The Bhagavad-Gita, the "Song of God," is not only one of the most revered texts of Hinduism, but of world literature and spirituality in general. Its 700 verses make up a small part of the great Sanskrit epic Mahabharata, of which it can be said to be the heart. It consists of a dialogue between the warrior Arjuna and Krishna, avatar (incarnation) of the god Vishnu, about action and nonaction, knowledge and love. The Gita is revered as a concise expression of Hindu philosophy, as a work of profound poetry, and as a guide to enlightened living. It is one of the most often translated of spiritual texts, and, as is the case with other texts of its stature, new translations tend to enhance rather than exhaust our understanding of it, revealing new facets of its wisdom with each iteration.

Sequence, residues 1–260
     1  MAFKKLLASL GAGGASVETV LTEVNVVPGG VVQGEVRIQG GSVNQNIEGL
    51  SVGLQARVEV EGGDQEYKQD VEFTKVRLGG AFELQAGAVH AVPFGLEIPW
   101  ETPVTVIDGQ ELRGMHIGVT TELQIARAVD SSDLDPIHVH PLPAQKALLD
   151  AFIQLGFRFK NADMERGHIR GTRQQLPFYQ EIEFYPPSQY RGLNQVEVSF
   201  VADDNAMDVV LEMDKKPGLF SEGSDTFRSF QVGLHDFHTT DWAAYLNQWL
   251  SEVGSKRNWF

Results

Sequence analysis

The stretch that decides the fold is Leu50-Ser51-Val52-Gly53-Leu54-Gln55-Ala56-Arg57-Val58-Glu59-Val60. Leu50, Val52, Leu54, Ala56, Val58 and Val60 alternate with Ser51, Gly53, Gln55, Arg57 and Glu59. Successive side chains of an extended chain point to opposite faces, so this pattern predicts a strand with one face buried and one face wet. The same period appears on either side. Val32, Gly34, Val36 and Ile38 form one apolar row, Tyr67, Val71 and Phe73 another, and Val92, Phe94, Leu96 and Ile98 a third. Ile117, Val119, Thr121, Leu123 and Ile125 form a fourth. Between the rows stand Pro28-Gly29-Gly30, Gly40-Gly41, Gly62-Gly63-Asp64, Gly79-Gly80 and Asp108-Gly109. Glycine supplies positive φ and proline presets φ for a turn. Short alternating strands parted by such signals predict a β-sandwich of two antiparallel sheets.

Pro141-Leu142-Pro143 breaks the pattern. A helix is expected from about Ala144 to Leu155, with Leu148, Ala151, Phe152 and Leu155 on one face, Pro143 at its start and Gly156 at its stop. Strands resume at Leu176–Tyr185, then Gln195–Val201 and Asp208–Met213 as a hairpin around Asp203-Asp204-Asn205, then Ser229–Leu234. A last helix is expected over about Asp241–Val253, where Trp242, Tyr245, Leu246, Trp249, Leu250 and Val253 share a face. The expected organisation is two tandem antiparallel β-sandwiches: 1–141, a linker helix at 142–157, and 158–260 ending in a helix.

This fresh translation stands out from the many others first of all in its careful faithfulness to the original language, but also for the extensive tools for understanding it provides. It is accompanied by detailed explanatory notes, as well as by the entire Sanskrit text on facing pages—both in the original Devanagri alphabet and in a romanized version that allows the reader to approximate the sounds of this work that began with oral recitation (a pronunciation guide is also provided). Also included is a literal, word-for-word translation for comparison; extensive material on the background, symbolism, and influence of the Gita; and an exhaustive glossary of terms. It's like a course on the Bhagavad-Gita in a book.